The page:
I want to dedicate this column to a form of poetry that is often overlooked: the limerick. A limerick has five lines and has a strict rhyming scheme (AABBA) with a predominantly anapaestic (two short syllables followed by a long) metre. They are often obscene with humorous intent, which makes them perfect for short-form erotic poetry.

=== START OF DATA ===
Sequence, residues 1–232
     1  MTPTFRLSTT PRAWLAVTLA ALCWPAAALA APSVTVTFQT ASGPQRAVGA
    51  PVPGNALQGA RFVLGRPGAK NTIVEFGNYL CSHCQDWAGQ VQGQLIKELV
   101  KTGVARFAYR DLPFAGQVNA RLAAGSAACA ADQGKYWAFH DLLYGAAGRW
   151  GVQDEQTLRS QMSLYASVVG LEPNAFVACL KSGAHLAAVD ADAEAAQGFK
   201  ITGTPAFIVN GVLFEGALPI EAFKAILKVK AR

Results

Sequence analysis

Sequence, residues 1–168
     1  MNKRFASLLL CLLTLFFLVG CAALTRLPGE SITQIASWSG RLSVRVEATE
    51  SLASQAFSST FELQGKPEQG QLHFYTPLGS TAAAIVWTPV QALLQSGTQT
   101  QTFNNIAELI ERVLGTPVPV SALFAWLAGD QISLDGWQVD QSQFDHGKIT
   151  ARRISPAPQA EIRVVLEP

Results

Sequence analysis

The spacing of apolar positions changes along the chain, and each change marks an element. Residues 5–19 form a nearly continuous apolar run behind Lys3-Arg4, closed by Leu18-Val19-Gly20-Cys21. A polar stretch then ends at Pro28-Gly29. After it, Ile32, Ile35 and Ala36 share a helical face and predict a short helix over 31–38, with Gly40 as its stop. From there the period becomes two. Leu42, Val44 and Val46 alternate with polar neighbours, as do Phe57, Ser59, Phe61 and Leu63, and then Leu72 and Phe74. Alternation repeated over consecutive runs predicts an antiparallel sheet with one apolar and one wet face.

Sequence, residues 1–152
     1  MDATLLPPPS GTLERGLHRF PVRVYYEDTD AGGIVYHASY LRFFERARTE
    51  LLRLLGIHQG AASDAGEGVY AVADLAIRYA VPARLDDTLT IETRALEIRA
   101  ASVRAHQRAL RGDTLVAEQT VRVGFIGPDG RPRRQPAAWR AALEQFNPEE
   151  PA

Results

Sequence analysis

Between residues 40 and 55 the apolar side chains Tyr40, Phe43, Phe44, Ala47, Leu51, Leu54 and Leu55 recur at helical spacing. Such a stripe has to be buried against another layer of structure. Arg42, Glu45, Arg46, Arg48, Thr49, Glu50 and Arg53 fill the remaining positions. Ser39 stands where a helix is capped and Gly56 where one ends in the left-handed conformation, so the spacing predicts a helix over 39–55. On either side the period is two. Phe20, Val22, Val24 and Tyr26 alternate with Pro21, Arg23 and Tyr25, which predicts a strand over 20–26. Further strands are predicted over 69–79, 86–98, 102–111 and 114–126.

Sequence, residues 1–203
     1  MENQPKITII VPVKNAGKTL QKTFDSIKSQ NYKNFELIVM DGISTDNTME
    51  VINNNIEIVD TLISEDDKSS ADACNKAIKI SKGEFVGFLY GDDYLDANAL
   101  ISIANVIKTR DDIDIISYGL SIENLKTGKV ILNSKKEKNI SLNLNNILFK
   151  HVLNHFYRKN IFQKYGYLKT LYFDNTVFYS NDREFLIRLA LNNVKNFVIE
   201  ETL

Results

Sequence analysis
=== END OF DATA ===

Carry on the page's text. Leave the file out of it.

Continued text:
The limerick first appeared in England in the early 18th century, and was popularised by Edward Lear in his Book of Nonsense, in 1846. The limerick as an art form is almost always obscene, and Gershon Legman cites in his anthology similar opinions held by the likes of Arnold Bennett and George Bernard Shaw. Clean limericks, he said, were but “periodic fads rarely rising above mediocrity.” From the point of view of folklore, the limerick is meant to shock and titillate.
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